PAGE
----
April
23
In the news:
The pieces displayed in "Earth matters: Land as Material and Metaphor in the Arts of Africa" are a sampling of African art from the 19th to 21st century.
(Fowler Museum)

“Où Allons Nous?” Though the roadside sign in a 1953 photograph stands alone, its message does not. It joins the dialogue of three centuries’ worth of rich textures, colors, figures and images, presenting a question that connects us all to the vulnerable earth we inhabit, “Where are we going?” On Tuesday, coinciding with Earth Day, the Fowler Museum at UCLA premieres “Earth Matters: Land as Material and Metaphor in the Arts of Africa.” A traveling exhibition of more than 100 works, this array of African art ranges from the 19th to the 21st century. More »

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Surprisingly cool weather graced Indio, on Friday, as the second weekend of the heavily anticipated Coachella Valley Music and Arts Festival began. After a star-studded first weekend, with artists including Beyoncé and Slash making guest appearances, I ventured into the desert for Part 2 of Coachella with Daily Bruin photo editor Neil Bedi in tow to bring back highlights from the weekend. More »

Following a recent run of "Fiddler on the Roof," Hooligan Theatre Company's performance of "Legally Blonde: The Musical" will begin Friday evening. Recreating the story of popular Reese Witherspoon film, which was itself adapted into a Broadway production, "Legally Blonde" follows Elle Woods, misguided woman who follows her ex-boyfriend to Harvard Law School.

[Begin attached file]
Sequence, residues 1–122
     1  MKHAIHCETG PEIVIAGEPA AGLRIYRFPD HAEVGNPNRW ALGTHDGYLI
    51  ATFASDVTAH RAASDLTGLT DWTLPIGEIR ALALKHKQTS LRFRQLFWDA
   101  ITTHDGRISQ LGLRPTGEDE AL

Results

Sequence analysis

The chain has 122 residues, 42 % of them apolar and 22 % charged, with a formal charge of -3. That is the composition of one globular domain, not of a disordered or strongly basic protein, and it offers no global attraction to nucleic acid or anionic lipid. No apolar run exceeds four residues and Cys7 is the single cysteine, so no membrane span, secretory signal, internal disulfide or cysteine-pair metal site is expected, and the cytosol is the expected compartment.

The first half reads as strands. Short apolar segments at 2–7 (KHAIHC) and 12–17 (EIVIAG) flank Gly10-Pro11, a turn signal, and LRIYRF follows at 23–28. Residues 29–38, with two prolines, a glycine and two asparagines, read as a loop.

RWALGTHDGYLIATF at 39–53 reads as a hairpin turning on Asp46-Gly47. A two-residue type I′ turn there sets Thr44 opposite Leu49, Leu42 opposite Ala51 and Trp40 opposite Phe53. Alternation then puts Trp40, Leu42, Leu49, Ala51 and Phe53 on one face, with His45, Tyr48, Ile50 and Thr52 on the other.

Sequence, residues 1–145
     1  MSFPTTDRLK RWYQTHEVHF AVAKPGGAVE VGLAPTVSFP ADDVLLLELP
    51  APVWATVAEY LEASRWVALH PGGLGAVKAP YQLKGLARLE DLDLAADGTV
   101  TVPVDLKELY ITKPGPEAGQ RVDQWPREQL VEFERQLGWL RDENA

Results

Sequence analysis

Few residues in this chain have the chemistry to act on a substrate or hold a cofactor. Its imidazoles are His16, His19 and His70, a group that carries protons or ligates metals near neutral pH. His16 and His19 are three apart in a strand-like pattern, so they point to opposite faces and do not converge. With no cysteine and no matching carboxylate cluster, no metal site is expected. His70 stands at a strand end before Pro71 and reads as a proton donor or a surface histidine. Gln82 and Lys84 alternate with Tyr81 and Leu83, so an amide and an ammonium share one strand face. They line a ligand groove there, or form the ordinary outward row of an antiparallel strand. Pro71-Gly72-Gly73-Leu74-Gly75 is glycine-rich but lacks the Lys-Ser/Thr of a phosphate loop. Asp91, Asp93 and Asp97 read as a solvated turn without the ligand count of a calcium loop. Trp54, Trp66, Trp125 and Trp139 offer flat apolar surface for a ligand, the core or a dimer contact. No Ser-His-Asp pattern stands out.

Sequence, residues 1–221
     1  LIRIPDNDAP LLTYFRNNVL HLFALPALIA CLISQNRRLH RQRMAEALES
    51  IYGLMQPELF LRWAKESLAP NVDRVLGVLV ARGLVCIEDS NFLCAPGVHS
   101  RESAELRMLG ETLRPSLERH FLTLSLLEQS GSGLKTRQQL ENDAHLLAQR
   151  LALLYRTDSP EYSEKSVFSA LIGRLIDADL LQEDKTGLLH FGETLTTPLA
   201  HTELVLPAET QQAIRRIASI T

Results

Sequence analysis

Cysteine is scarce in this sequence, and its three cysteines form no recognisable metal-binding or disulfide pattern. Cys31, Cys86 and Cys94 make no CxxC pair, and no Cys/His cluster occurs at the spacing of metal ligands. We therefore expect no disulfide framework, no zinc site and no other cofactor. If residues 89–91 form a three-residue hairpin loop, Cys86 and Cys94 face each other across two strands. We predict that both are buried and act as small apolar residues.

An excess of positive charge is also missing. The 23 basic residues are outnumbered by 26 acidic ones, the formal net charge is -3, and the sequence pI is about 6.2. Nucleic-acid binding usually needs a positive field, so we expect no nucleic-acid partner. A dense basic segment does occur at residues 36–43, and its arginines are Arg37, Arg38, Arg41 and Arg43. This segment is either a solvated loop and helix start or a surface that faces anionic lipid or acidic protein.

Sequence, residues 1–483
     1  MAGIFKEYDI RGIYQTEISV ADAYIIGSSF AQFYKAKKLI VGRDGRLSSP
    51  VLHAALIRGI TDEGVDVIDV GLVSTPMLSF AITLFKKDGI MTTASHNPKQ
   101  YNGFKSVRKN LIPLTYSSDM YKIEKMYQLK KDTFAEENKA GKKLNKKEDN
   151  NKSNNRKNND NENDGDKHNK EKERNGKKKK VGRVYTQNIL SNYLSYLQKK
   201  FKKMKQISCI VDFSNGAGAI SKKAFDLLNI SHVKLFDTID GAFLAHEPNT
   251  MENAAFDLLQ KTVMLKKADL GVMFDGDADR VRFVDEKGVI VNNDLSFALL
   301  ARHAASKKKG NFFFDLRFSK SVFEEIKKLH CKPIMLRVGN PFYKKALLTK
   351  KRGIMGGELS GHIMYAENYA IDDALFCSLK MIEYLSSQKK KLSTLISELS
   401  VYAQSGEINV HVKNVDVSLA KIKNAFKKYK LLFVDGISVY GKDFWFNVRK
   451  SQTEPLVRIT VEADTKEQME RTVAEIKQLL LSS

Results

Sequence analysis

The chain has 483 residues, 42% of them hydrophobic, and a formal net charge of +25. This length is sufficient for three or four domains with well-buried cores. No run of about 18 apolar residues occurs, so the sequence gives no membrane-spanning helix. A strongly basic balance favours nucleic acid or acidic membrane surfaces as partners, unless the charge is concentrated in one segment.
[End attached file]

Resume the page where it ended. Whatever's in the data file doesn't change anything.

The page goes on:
(Neil Bedi/Daily Bruin senior staff)

Almost seven years after the fictional UCLA alumna first conquered Harvard Law School on Broadway, Elle Woods comes back to her alma mater in the Hooligan Theatre Company’s production of “Legally Blonde: The Musical.” The Hooligan Theatre Company, a student-run group that offers an opportunity for students of all majors to participate in educational theater productions, completed its run of “Fiddler on the Roof” this past weekend. More »

Artist Michelle Jane Lee uses her own alphabet to express herself. Her artwork, mostly bright, minimalistic paintings and drawings, features small blocks of color which represent letters of the alphabet. Lee's work will be featured in the Kerckhoff Art Gallery until April 12.
(Miriam Bribiesca/Daily Bruin)

Michelle Jane Lee has her own alphabet. Instead of letters, Lee uses small blocks of color to express her feelings. Most of Lee’s bright, minimalistic paintings and drawings, which are being shown as part of the Cultural Affairs Commission’s Art Series in UCLA’s Kerckhoff Art Gallery until April 12, feature this alphabet that Lee invented. More »

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